Shields prevent people from touching their faces, too, whereas masks can sometimes do the opposite. Additionally, shields can be reused after being washed with soap and water or wiped with disinfectant. They also allow people to see facial expressions and read lips, which is important for the millions of Americans who are deaf or hearing-impaired.
And while shields might look a little strange—they haven’t become a common sight yet in the U.S., even though they have become popular in Asia—they are far more comfortable than masks are and they allow for easier breathing. “You literally forget you have them on,” Dr. Perencevich says.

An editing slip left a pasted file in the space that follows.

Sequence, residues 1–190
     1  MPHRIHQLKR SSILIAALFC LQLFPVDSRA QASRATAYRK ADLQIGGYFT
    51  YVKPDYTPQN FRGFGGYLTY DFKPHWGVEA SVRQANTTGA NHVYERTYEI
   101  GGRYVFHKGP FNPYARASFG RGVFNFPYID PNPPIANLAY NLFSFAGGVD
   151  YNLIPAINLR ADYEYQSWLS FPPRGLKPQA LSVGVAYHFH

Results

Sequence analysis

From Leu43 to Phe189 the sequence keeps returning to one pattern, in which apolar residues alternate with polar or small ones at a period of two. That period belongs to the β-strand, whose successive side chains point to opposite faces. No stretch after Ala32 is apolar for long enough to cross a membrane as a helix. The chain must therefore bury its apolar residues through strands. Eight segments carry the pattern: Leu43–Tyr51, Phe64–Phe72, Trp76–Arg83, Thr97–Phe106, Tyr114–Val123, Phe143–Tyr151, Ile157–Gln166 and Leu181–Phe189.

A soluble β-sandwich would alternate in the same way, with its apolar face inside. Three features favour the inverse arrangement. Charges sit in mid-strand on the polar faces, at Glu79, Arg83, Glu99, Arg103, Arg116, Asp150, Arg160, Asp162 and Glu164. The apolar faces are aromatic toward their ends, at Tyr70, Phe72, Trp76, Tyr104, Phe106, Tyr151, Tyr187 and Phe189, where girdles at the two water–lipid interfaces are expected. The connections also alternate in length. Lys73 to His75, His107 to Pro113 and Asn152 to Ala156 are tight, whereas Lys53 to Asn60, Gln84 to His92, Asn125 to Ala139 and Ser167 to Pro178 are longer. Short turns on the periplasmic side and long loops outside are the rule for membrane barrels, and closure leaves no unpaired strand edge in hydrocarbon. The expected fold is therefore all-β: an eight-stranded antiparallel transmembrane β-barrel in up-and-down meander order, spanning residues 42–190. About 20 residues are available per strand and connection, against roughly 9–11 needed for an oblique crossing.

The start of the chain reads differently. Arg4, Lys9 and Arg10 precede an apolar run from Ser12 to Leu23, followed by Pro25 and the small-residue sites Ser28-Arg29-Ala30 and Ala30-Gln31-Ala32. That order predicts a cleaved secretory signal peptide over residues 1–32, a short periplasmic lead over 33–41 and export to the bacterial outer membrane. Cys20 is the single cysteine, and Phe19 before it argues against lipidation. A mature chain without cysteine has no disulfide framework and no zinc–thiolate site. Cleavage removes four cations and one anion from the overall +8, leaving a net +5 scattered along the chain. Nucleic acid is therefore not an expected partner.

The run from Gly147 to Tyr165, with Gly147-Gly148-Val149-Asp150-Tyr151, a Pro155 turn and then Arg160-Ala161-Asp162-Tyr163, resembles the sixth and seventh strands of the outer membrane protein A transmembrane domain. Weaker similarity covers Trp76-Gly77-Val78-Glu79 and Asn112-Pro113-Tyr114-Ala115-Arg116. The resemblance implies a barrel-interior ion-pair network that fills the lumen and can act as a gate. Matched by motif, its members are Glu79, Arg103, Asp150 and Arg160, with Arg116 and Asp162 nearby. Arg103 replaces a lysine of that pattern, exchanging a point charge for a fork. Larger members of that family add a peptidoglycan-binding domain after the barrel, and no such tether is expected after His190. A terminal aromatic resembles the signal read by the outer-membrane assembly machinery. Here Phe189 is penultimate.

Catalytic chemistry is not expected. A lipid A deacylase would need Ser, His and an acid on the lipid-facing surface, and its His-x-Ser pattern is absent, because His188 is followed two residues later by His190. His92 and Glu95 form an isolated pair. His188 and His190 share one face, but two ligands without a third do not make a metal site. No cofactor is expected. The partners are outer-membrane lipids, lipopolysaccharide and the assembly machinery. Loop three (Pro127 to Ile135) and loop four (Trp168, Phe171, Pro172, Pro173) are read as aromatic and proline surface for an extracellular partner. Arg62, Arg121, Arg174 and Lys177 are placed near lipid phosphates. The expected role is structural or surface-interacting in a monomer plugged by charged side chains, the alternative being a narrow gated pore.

“The upsides of the shields make them a cheap and easy way to protect one another,” Dr. Fisman says. In a set of policy and public health recommendations released in April 2020, the Infectious Diseases Society of America began recommending the use of face shields as a protective measure against the coronavirus, in addition to other methods such as masks.
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